alternatives to crate training

(Image credit: Getty Images)

4. Find a pet sitter or doggie daycare

For busy pet owners, an easy alternative to crate training is finding a local pet sitter, doggie daycare, or dog walker to take care of your puppy when you are unable to directly supervise them. In addition to getting your puppy out from underfoot, this option has the added benefit of socializing your pup to new people and other dogs! Sitters and daycares can be expensive, but for many pet owners, the peace of mind from knowing their puppy is well cared for is worth the extra cost. Before choosing someone to look after your puppy, check their credentials and have them visit with your puppy in person with you present so you can make sure it’s a good match. If your puppy will be going to daycare, ask for a tour of the facility before you sign up. On your tour, pay close attention to the facility and the behavior of the dogs in the daycare. Is the space clean and well-maintained? Are the staff cleaning up after the dogs promptly? Do the dogs enjoy interacting with the staff, or do they keep their distance? Is there fresh water available at all times? Are dogs separated based on size and temperament? If the facility looks like a place you’d enjoy spending the day yourself, then it’s probably a good fit for your pup too!

5. Keep your puppy supervised at all times

This option is by far the most difficult to perform successfully. For families that do not wish to restrict their puppy, keeping the puppy under direct supervision at all times will be necessary. This is easiest to achieve if you have multiple family members who can take turns sharing this task. Remember that keeping your puppy under direct supervision at all times is especially important during potty training – otherwise, you may have accidents in the house, which can prolong the potty training process! You’ll also need to puppy proof your house – such as tucking away cords, covering trash cans, and picking up loose objects – to ensure your puppy doesn’t get into trouble if they slip out of your sight.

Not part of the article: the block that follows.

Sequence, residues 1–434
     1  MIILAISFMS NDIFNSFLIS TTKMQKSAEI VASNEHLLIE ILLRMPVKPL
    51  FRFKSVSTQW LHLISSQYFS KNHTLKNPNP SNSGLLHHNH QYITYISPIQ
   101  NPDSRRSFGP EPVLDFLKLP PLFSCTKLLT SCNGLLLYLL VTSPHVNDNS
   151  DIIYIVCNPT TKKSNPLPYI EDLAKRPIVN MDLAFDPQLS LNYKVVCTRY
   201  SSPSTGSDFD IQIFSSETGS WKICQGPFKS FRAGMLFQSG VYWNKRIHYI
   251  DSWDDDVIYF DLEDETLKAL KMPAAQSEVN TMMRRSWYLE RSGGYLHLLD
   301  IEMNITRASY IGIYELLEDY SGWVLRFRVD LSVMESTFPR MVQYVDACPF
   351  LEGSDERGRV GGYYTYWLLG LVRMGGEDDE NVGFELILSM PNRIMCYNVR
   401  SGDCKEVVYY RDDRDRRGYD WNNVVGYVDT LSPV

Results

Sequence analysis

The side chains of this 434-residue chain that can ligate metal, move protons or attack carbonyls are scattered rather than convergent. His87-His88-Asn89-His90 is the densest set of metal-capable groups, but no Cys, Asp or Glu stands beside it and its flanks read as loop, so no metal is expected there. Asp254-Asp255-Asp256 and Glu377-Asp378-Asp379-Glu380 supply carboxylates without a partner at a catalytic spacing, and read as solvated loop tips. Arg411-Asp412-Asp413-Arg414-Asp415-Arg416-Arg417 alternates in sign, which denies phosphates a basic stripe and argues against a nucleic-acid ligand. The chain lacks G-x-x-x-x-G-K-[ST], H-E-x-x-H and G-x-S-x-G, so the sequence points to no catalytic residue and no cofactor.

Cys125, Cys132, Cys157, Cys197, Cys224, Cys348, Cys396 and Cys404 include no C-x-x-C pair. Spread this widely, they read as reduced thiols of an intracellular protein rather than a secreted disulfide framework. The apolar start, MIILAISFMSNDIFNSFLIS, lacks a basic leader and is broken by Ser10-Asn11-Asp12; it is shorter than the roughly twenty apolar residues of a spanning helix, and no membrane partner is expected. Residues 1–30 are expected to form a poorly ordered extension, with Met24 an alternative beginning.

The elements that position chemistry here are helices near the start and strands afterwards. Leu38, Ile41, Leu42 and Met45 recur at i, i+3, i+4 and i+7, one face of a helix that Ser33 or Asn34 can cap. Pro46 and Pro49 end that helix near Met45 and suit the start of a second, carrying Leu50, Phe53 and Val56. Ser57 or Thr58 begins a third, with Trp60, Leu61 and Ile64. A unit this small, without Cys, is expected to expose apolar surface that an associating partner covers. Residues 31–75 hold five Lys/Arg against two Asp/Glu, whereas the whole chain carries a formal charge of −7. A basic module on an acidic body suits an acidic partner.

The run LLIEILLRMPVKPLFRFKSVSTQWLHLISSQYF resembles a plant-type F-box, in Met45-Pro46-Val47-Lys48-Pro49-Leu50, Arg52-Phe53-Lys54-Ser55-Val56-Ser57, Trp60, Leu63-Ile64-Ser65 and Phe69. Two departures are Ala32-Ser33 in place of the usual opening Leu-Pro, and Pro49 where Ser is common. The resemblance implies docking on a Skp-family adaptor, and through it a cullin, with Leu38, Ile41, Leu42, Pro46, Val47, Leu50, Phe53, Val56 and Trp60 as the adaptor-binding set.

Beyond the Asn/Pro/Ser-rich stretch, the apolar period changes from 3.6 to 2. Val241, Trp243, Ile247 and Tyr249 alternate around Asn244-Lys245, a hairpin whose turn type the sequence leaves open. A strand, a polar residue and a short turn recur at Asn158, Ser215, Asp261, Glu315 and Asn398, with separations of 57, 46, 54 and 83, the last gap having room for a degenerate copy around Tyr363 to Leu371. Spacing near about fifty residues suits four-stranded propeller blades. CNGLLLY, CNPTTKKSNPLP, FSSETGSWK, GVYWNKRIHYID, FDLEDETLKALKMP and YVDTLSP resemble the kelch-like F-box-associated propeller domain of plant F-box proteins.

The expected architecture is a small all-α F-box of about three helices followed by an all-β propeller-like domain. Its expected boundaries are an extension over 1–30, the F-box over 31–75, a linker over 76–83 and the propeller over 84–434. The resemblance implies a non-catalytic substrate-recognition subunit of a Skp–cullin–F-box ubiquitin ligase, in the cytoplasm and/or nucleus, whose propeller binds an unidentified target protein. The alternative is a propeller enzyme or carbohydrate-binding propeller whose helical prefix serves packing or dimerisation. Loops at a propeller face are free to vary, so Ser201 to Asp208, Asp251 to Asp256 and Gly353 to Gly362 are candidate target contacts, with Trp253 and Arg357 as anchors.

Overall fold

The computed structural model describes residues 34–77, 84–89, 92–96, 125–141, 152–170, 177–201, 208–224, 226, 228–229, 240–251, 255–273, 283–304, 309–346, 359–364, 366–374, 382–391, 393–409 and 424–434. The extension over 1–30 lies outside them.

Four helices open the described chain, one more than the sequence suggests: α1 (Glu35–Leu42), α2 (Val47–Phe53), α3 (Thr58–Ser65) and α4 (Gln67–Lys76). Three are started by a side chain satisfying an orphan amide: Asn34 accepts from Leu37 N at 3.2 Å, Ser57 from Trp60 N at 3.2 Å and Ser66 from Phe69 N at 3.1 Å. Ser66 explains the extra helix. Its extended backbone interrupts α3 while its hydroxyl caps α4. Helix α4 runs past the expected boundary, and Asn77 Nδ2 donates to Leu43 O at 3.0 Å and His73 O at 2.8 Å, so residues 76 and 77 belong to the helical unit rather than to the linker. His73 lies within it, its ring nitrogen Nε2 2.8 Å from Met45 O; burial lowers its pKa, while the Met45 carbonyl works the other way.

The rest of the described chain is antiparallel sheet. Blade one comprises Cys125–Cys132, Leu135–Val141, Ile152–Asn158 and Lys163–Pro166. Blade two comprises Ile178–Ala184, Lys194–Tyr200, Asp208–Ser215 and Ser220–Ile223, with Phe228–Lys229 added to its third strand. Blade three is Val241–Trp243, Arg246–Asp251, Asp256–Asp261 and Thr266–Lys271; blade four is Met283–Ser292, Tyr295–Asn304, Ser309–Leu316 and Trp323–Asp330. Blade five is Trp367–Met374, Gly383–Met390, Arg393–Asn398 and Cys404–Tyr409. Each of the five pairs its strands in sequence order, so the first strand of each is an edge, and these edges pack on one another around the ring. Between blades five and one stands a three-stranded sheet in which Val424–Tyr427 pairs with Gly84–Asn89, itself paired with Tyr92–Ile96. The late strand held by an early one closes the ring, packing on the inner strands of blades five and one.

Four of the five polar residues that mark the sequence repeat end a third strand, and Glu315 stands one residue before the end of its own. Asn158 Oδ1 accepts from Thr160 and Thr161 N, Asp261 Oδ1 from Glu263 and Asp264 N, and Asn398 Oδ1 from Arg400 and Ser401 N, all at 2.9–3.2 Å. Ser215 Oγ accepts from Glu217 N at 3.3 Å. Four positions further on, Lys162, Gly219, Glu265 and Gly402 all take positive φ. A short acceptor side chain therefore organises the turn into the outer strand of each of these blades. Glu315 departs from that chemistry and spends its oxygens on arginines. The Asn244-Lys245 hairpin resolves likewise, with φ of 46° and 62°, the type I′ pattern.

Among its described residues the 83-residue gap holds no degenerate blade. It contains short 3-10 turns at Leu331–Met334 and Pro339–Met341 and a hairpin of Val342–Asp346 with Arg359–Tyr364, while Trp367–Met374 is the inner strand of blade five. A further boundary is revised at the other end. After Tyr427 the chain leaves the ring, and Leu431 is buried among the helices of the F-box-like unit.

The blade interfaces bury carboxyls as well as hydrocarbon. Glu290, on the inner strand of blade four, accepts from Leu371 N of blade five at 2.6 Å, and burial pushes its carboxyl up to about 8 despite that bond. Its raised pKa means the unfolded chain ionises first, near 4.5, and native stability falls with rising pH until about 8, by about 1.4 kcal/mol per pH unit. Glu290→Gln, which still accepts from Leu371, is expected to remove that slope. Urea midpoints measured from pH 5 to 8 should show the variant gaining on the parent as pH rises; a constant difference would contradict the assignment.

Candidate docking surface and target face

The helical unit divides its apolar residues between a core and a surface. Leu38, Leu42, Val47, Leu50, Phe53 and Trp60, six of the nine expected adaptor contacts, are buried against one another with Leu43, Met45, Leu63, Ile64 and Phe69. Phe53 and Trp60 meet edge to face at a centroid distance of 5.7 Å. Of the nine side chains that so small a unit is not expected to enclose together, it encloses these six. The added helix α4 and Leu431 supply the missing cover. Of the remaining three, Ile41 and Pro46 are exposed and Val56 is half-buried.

Don’t be afraid to use a crate for your dog!

Many pet owners balk at the thought of keeping their dog confined, but with proper training your dog can learn to actually enjoy being in the crate! If you decide not to crate train your puppy, using one of the alternative methods outlined above can help make potty training easier, and can keep your puppy safe and out of trouble.

Dr. Elizabeth Racine is a small animal general practice veterinarian covering all things pet health and wellness.  Her special interests include veterinary behavior, nutrition, and internal medicine.  As a freelance writer, Dr. Racine has written content for major companies in the industry such as the American Kennel Club, Merck Animal Health, Bayer PetBasics, Elanco, and CareCredit.  In her free time, Dr. Racine enjoys playing trampoline dodgeball, hiking with her beagle Dasher, and spending time with her three mischievous cats.  Dr. Racine can be found at (opens in new tab) and at (opens in new tab)